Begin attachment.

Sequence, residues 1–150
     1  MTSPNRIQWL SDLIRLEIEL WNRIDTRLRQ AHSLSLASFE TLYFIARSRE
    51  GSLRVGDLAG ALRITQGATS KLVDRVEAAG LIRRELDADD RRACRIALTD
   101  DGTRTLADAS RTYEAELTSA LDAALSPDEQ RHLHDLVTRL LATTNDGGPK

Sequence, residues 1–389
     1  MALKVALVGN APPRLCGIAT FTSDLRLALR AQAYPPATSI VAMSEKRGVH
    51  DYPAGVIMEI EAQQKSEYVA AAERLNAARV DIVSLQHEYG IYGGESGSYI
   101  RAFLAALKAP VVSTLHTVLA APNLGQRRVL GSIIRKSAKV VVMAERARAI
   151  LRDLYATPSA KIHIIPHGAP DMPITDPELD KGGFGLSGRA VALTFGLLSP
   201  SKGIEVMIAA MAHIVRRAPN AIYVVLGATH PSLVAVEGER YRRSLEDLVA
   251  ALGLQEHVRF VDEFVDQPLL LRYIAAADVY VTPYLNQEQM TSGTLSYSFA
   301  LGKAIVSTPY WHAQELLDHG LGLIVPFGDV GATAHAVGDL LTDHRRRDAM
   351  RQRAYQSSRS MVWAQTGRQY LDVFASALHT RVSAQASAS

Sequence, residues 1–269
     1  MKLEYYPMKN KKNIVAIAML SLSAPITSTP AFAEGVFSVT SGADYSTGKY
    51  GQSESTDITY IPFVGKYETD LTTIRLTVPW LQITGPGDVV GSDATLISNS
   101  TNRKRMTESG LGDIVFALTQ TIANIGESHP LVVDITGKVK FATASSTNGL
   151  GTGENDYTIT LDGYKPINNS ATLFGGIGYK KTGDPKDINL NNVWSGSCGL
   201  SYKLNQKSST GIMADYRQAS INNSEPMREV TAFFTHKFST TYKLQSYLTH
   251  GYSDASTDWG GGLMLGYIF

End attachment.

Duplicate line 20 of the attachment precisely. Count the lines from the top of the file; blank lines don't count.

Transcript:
   251  GYSDASTDWG GGLMLGYIF